Does a tattoo help heal psychological trauma?


How does a tattoo help in trauma therapy? What does a semicolon on a person’s wrist mean? Often a tattoo is much more than just a form of self-expression. We talk about the directions of art therapy associated with drawings on the body.

Tattoos can carry a completely different meaning. Since ancient times, they have been an accessory and a kind of “code” of various social groups, from circus performers to bikers and rock musicians, and for some, this is another way of self-expression. But there are those for whom drawings on the body are a kind of therapy that helps to heal and recover from a traumatic past.

“A person gets a tattoo to tell a story. Neck, finger, ankle, face… We humans have been telling our stories here for centuries,” writes Robert Barkman, professor emeritus at Springfield College.

“Healing procedure”

Permanent tattooing on the skin is an ancient art, and the oldest known person with a tattoo lived over 5000 years ago. Due to the fact that he died in the Alps and ended up in the ice, his mummy is well preserved – including the tattooed lines applied to the skin.

It is difficult to guess their meaning, but, according to one version, it was something like acupuncture – in this way, the Ice Man Yeqi was treated for degeneration of the joints and spine. To date, the tattoo continues to have a healing effect, helping, perhaps, in healing the soul.

Tattoos are very personal.

Most people stuff them to tell their story of pain, triumph, or obstacles they have had to face and overcome in their lives. Tattoos in the form of semicolons, stars and feathers speak of past difficulties, hopes for the future and freedom of choice.

“Beloved by most people, the miniature star signifies truth, spirituality and hope, and in some cases speaks of faith. As we all know, stars radiate light in space, in endless darkness. It seems that they lead their owner along unknown paths. They have everything that people need, and therefore have become such a favorite topic for tattoos, ”said Barkman.

Choosing life

Some tattoos carry much more than meets the eye. A miniature symbol – a semicolon – can speak of a serious situation in a person’s life and the difficulty of the choice he faces. “This punctuation marks a pause, usually between two main sentences,” recalls Barkman. – Such a pause is more significant than the one given by a comma. That is, the author could have decided to finish the sentence, but chose to take a break and then write a sequel. By analogy, a semicolon as a tattoo symbol speaks of a pause in the life of someone who wanted to commit suicide.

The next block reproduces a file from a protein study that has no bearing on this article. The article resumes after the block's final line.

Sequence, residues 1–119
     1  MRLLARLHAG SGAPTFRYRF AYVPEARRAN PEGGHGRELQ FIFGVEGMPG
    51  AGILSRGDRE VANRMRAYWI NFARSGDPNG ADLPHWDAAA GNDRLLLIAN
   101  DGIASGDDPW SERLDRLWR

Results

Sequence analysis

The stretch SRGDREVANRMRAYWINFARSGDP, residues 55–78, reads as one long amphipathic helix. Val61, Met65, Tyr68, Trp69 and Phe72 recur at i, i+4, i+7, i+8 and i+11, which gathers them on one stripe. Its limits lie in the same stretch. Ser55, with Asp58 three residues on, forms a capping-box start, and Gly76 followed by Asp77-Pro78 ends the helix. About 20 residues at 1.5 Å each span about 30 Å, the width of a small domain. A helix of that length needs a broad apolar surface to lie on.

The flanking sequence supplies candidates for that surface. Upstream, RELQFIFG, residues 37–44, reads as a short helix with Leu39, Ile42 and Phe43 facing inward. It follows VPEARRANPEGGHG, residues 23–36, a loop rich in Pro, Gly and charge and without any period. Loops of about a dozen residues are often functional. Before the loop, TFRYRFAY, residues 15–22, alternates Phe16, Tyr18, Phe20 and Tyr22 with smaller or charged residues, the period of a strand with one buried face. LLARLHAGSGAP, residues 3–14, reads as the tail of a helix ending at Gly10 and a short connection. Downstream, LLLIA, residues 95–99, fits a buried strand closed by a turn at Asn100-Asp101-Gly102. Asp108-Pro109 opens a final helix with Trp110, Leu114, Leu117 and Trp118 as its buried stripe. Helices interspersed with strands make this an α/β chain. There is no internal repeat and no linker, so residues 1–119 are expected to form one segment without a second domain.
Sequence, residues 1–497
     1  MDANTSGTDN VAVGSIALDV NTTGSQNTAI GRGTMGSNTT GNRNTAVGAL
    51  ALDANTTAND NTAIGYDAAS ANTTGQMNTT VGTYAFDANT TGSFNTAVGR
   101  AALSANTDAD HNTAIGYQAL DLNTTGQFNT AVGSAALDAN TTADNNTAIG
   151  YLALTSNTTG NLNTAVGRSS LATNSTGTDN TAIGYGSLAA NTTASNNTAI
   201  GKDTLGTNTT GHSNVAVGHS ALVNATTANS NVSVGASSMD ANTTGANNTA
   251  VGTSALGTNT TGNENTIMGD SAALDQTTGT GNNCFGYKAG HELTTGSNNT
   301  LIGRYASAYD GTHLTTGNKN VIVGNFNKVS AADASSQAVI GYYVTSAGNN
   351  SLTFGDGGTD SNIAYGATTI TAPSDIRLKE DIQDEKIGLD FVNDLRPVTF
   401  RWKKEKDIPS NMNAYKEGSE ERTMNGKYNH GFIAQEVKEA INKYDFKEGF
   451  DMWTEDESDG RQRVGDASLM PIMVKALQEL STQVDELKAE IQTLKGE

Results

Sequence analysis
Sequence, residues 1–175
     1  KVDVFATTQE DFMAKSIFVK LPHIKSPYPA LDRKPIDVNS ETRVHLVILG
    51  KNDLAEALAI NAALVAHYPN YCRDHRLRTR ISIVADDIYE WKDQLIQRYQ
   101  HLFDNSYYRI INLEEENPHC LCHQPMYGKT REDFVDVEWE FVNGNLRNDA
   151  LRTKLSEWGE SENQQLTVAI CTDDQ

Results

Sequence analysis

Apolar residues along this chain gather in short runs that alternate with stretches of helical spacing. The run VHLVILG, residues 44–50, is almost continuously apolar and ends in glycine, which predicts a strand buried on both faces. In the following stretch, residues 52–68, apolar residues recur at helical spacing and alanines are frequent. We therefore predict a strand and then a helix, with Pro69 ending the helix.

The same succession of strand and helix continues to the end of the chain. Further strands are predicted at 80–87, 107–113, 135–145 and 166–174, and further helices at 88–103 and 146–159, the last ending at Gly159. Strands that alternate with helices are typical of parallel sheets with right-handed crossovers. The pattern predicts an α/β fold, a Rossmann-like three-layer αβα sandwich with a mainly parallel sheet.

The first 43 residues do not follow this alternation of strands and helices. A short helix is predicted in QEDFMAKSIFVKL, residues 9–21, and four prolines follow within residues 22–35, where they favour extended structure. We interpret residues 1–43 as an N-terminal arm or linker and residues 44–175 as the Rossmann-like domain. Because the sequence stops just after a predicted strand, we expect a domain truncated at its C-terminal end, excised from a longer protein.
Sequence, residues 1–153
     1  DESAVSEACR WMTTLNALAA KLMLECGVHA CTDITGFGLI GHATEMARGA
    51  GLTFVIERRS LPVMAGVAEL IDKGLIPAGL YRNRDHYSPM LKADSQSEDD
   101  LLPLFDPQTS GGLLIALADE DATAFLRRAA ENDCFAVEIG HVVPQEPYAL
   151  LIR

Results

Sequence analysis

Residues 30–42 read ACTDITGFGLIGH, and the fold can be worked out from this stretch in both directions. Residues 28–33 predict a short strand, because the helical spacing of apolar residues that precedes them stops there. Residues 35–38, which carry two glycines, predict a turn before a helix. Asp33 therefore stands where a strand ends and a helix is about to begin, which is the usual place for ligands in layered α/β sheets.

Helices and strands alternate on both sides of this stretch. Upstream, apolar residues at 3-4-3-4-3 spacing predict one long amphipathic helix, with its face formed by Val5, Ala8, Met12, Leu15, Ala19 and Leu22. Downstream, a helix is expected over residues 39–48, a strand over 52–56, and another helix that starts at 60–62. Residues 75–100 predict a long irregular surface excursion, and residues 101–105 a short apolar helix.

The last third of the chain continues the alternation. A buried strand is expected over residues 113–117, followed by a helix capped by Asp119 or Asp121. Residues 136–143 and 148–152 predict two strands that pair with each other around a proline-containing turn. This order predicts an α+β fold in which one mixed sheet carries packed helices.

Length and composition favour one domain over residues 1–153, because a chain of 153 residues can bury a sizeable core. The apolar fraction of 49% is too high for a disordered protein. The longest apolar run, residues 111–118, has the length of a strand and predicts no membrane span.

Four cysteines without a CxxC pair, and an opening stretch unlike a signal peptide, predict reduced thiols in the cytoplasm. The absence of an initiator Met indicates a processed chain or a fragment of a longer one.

Instead of committing suicide, people chose life – and such a tattoo speaks of their choice, that it is always possible to start a new chapter.

You can always believe in change – even when it seems there is simply nowhere to turn. So a small tattoo has become a global symbol of the fact that a person can give himself a pause in life, but not put an end to it. It was this idea that formed the basis of one of the international Internet projects.

With the conviction that suicide is fundamentally unacceptable, the Semicolon Project, created in 2013, contributes to reducing the number of suicides in the world. The project brings people together in an international community and provides them with access to important information and useful resources.

The organizers believe that suicide is preventable and that every person on the planet is collectively responsible for preventing it. The movement aims to bring people together – to inspire each other with energy and faith that we can all overcome the obstacles we face, no matter how big or small. Semicolon tattoos are sometimes also applied in memory of loved ones who committed suicide.

“Anchor” – a reminder of the important

In other cases, the very fact of getting a tattoo can mean a new chapter in a person’s personal history. For example, one of the expensive rehabilitation clinics in Chiang Mai (Thailand) recommends that those who have completed a full recovery course get a tattoo – as a symbol and a constant reminder of getting rid of a dangerous addiction. Such an “anchor” helps a person to assign victory over the disease. Constantly being on the body, it reminds of how important it is to stop and hold yourself at a dangerous moment.

New Moon Project